When I think about people I admire most, whether it’s Martin Luther King or the Dalai Lama or John Lewis or Desmond Tutu, one tribute they all share is that they are/were in service of something greater than themselves. They were willing to let their lives be used for a higher purpose, even, as we’ve seen, though it may mean putting themselves in great peril.
I look at John F. Kennedy Jr. the same way. On the 50th anniversary of his death, so much attention is being devoted to how he died. I have so many friends who believe Lee Harvey Oswald acted alone and so many who believe in other conspiracies, but I prefer today to think about his life.
His lasting legacy is the Peace Corps. The notion was created while he was still a Senator. On Oct. 14, 1960, he gave a speech at the University of Michigan. He challenged the students to take the disciplines they were majoring in- whether it be medicine or engineering— and devote their time to giving back on foreign soil. It was an idea that not only embraced service to others, but saw the world as a whole and encouraged people to consider themselves not just Americans, but global citizens whose job it was to take care of our neighbor 10,000 miles away, not just across the street.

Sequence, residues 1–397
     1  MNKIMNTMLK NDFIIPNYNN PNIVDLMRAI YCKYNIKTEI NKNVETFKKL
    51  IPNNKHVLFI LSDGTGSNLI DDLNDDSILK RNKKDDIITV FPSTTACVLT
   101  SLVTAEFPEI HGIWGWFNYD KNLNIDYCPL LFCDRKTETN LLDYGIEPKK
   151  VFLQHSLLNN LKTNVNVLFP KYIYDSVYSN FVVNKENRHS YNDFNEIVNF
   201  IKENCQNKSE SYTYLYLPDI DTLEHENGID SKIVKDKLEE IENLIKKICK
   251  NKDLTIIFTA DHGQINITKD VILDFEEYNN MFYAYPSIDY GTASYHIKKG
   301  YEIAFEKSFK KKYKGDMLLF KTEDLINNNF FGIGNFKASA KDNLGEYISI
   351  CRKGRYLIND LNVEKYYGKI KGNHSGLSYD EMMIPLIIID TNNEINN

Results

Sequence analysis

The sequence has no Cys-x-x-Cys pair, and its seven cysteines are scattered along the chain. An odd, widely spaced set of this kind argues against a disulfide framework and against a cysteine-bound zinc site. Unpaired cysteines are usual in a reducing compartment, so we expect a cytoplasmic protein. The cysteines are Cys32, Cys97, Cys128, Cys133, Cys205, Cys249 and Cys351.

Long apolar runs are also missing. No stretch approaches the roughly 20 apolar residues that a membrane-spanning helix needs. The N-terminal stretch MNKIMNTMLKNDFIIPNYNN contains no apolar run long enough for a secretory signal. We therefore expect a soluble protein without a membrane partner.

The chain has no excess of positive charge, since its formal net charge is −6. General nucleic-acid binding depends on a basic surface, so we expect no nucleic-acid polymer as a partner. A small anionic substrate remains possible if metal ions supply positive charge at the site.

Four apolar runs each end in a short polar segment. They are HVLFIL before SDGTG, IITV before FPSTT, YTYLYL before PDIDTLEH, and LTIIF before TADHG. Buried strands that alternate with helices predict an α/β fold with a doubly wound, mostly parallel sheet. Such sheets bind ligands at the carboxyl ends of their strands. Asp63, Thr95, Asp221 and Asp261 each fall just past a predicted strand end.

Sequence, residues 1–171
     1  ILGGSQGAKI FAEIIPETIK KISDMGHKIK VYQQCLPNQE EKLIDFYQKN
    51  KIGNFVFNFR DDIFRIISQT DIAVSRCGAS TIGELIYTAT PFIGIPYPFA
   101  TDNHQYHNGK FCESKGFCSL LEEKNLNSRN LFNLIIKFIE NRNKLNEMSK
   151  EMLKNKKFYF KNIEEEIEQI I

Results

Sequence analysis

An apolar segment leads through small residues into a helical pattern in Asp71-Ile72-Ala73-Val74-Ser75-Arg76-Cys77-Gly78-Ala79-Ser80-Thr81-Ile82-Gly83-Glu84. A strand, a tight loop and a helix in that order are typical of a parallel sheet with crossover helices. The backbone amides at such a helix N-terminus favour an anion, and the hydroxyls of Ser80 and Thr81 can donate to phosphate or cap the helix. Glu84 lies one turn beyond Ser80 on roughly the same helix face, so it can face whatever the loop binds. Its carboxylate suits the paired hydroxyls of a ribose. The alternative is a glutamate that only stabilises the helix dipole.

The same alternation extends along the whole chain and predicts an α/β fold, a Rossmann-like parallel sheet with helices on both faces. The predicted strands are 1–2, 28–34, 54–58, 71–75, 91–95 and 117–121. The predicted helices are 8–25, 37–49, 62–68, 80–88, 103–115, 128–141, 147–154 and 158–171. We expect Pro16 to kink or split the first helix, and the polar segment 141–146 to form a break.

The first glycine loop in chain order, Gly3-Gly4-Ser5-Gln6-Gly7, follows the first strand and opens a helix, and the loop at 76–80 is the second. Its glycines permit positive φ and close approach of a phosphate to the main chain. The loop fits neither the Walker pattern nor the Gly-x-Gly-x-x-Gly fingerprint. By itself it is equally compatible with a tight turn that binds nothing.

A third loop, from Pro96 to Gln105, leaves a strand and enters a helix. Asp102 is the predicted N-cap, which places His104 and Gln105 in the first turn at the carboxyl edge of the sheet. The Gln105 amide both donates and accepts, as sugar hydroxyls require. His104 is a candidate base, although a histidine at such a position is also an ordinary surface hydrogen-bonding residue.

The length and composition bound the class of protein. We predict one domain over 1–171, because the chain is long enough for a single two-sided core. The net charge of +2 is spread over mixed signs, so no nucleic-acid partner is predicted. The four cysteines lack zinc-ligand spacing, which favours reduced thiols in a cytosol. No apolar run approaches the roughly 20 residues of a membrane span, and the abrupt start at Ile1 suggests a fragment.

Here’s an excerpt of his speech:
"How many of you who are going to be doctors, are willing to spend your days in Ghana? Technicians or engineers, how many of you are willing to work in the Foreign Service and spend your lives traveling around the world? On your willingness to do that, not merely to serve one year or two years in the service, but on your willingness to contribute part of your life to this country, I think will depend the answer whether a free society can compete. I think it can! And I think Americans are willing to contribute. But the effort must be far greater than we have ever made in the past."
From that speech, the Peace Corps was born less than six months later with the idea of spreading peace through service to those in countries less fortunate than America.
I know several people who served in the Peace Corps and only one had a bad experience. For most, it was a life-changing event. I sometimes fantasize about being one of those old ladies who joins the Peace Corps when I’m in my 70s. According to the Peace Corps, more than 200,000 people have served (that number seems really low to me) in 139 countries. The average age of the volunteers is 28, but 7% are over 50. See! It may just happen for me yet!
Today’s $10 goes to the Peace Corps, which operates as an independent U.S. government agency. You can pick your own project to give the money to from a school library in Zambia to an Eco project in Nicaragua to even an Ultimate Frisbee and Leadership Camp in Panama, thanks to JFK.
Nov. 22: Peace Corps
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